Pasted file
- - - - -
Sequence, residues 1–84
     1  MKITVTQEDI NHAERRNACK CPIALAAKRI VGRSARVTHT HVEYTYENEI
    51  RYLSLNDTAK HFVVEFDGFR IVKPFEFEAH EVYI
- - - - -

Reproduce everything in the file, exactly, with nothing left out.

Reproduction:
Sequence, residues 1–84
     1  MKITVTQEDI NHAERRNACK CPIALAAKRI VGRSARVTHT HVEYTYENEI
    51  RYLSLNDTAK HFVVEFDGFR IVKPFEFEAH EVYI